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A city’s expansion

Ashland’s population has doubled in
12 years. If it keeps growing as expected,
officials say they have some serious work to do.
Monday, January 3, 2005 | 12:00 a.m. CST; updated 2:04 a.m. CDT, Saturday, July 19, 2008

As the city of Ashland anticipates another year of unprecedented growth, City Administrator Ken Eftink knows this can be a blessing and a curse.

“The challenge is to make sure we are growing the way we have envisioned,” Eftink said. “We don’t want things to get out of control and go unchecked.”

Located midway between Jefferson City and Columbia — where most Ashland residents work — the city has seen its population more than double from 1,252 to more than 2,600 in the past 12 years. That figure, Eftink said, could easily double again during the next decade.

That kind of growth has not gone unnoticed. The Boone County Journal, Ashland’s weekly newspaper, ranked the city’s growth and development as the No. 1 story of 2004. In 2004, Ashland issued 77 building permits for residential properties — the most the city has issued in a single year. In 2003, the city issued a then-record 54 residential permits. One year earlier, it issued 53 permits.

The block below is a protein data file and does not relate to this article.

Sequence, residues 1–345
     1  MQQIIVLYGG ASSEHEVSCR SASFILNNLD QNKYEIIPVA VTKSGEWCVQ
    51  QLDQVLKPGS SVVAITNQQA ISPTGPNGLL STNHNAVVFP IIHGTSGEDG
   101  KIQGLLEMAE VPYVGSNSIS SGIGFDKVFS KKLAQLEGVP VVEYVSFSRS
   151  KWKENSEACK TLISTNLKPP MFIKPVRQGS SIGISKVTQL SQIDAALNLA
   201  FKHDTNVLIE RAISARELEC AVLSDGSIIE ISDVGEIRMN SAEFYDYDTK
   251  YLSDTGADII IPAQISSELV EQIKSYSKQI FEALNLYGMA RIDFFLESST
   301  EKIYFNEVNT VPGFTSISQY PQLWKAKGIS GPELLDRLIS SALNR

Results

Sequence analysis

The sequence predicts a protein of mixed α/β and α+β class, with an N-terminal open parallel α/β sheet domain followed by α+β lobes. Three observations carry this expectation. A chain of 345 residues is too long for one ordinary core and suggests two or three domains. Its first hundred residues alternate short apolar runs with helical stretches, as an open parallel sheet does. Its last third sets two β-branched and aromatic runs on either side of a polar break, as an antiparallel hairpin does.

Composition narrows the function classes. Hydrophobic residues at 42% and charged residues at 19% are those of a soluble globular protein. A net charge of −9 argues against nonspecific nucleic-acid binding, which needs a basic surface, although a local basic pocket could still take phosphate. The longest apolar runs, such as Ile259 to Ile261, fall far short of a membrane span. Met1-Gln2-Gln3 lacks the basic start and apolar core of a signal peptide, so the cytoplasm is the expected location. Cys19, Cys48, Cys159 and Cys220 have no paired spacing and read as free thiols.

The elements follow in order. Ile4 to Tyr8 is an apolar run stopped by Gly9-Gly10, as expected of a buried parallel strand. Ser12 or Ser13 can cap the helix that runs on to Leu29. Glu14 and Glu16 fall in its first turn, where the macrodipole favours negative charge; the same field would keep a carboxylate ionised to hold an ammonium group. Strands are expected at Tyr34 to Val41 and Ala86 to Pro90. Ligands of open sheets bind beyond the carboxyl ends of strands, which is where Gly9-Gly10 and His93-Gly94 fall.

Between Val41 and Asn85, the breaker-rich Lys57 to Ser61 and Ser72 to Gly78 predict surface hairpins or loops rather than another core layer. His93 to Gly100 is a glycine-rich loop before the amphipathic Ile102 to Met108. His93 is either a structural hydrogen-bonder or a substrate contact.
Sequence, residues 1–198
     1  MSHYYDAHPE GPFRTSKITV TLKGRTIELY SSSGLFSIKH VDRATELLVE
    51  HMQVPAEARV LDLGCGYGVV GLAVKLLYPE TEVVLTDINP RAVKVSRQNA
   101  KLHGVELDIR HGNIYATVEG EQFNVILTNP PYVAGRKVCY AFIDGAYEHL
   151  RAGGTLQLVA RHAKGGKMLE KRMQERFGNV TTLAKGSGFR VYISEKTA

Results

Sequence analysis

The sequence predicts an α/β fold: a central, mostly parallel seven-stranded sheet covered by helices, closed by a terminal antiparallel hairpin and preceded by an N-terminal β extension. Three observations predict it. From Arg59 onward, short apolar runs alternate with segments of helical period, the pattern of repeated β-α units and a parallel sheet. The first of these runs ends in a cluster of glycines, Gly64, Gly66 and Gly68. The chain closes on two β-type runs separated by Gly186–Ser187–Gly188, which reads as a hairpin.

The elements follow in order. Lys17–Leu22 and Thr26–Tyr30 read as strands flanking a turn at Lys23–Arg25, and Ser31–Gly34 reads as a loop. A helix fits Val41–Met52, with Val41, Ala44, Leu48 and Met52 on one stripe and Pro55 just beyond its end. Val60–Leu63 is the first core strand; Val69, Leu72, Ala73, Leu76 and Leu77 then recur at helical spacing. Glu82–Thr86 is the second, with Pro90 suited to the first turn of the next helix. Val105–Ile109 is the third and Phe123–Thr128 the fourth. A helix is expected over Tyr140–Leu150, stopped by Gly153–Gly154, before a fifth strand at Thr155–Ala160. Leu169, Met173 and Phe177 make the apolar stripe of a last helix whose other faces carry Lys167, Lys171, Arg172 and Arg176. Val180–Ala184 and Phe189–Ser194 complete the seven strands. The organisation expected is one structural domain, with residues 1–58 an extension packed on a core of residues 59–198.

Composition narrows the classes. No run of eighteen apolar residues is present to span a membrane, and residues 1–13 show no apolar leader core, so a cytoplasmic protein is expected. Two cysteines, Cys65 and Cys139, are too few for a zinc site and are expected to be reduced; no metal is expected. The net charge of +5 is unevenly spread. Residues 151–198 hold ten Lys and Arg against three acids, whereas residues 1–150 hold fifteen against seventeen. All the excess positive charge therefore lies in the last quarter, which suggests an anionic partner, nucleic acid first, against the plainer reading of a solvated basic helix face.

Ashland also saw the opening of a number of major businesses, including a Moser’s Discount Foods and River City Construction — a major contractor and construction company that built MU’s new Life Sciences Center.

In comparison, other cities in Missouri such as Caruthersville (population 2,173) have seen a consistent decline in the number of jobs available and residents living within its borders.

“We have been very fortunate in the amount of growth, and, in my opinion, we are well ahead of the curve when it comes to planning and development,” Eftink said.

Too economically diverse to be considered a bedroom community and too small to be considered an urban center, Ashland will now face some tough decisions. As the city pushes its borders out in every direction, Eftink said he has to ensure that the city’s budget will expand to support growth.

“We are really going to have to start coming up with ways to generate some extra revenue,” Eftink said.

“If we want to continue to provide out social services such as street maintenance and police, we will need to start attracting more businesses to add to our sales tax base.”